EU-Russia energy dialogue
Consequently, I'm immersed in myriads of documents pertaining to energy, most of which point to the fact that the EU has extremely limited bargaining chips in its negotiations for more favorable energy deals with Russia (surprise, surprise). Nevertheless, that doesn't seem to stop the EU from grandiose prognostications of immense future success, overwhelming optimism about the partnership, and platitudes regarding the state of the dialogue.
None of this really adds up when the current situation is taken into account.
My short and dirty take on it: Russia was willing to concede some points back around 2004, so as to not jeopardize its relationship with the accession countries, which are largely entirely dependent on Russia for oil and gas. By allowing the removal of destination clauses and other mechanisms of that ilk from long term supply contracts, Russia placated a nervous EU. Now, with oil prices remaining high, and Russia's economic position strengthening, Russia is blocking further discussions that might lead to a more genuine partnership between the two powers. Why give in to the EU when it keeps bringing up pesky human rights issues in the middle of discussions purportedly about energy?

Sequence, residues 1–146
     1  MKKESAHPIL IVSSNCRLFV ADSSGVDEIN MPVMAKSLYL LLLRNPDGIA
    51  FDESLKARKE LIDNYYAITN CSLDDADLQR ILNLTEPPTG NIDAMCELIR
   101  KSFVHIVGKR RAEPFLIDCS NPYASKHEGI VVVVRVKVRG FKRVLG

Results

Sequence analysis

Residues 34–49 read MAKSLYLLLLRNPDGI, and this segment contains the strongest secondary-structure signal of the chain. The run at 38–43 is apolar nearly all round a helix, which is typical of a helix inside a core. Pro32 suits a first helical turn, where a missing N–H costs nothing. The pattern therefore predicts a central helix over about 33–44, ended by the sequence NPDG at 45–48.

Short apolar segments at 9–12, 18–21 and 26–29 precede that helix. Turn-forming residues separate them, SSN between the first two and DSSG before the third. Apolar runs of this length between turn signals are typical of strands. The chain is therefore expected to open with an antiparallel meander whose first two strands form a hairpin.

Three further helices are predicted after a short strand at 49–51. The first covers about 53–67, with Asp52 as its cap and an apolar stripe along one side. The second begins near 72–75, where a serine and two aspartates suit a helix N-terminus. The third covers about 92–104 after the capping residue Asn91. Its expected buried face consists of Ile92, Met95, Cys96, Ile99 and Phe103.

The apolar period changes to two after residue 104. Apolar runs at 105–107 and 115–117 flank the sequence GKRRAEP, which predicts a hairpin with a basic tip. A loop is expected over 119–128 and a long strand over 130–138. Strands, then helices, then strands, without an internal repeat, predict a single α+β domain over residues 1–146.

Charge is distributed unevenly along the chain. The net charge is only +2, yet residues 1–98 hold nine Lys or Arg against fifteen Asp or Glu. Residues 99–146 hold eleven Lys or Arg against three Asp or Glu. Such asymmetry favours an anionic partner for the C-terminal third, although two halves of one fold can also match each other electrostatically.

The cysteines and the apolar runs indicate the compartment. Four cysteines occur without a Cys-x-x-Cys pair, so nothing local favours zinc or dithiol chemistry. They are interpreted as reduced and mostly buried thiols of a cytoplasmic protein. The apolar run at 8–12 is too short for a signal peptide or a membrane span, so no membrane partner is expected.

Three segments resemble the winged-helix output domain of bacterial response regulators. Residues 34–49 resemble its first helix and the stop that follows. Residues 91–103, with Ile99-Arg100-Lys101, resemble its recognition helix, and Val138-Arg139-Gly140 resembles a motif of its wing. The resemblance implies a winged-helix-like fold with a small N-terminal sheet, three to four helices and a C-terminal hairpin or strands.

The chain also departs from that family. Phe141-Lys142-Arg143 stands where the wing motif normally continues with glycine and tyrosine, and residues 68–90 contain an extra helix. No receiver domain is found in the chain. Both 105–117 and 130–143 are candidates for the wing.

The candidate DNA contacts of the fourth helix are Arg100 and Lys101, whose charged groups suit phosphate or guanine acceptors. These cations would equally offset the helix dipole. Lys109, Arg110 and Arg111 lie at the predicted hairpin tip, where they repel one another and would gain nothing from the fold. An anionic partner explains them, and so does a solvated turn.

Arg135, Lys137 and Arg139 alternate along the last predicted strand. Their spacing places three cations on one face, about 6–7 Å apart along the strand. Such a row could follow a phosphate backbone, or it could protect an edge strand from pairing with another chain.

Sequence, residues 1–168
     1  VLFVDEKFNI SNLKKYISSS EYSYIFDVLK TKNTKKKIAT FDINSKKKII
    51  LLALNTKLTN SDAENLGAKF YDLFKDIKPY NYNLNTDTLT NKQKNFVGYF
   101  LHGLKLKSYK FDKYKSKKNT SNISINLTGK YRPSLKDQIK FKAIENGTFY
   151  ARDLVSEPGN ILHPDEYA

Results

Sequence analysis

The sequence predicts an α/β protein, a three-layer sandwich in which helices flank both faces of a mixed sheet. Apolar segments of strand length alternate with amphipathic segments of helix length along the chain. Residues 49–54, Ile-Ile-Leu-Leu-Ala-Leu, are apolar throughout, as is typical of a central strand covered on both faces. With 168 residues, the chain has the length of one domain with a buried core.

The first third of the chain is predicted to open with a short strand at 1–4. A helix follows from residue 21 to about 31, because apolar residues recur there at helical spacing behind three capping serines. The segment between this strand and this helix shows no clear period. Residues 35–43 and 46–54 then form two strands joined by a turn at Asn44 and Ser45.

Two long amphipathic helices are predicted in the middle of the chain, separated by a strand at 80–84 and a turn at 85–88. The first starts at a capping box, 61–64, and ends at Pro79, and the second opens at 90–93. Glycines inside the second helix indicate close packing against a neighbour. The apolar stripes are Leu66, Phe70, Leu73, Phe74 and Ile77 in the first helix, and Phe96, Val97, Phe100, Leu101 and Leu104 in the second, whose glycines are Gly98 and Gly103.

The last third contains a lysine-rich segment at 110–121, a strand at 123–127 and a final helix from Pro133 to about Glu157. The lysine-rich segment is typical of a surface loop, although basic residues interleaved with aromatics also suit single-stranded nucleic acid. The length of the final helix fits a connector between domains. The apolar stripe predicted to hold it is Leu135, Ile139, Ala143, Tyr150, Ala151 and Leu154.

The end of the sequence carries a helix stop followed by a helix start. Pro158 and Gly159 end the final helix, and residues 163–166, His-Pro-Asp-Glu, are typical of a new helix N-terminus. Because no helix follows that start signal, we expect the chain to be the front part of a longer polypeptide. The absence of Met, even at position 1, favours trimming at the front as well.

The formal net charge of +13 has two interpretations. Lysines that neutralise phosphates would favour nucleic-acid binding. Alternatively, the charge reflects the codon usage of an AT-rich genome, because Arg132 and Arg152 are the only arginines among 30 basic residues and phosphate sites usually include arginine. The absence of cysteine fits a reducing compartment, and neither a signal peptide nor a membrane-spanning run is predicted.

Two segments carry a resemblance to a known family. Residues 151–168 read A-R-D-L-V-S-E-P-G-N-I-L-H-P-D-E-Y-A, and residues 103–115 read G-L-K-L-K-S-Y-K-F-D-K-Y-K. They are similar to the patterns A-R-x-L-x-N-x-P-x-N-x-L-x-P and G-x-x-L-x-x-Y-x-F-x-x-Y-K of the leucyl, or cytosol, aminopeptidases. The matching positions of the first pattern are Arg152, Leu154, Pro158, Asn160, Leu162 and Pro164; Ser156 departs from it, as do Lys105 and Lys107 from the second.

Russia's got the upper hand. It's got the resources. Europe doesn't. Europe needs the resources. Western Europe is willing to let things slide. Eastern Europe isn't. They joined the EU to get away from Russia - and they're not going to give in to Russia that easily.
Long-run: unless the EU finds a way to give Russia a seat at the negotiating table, nothing much is going to happen. The EU can't just dictate energy policy for Russia, since Russia has no interest in accession to the EU. Does the legal structure of the EU allow for this? Stay tuned...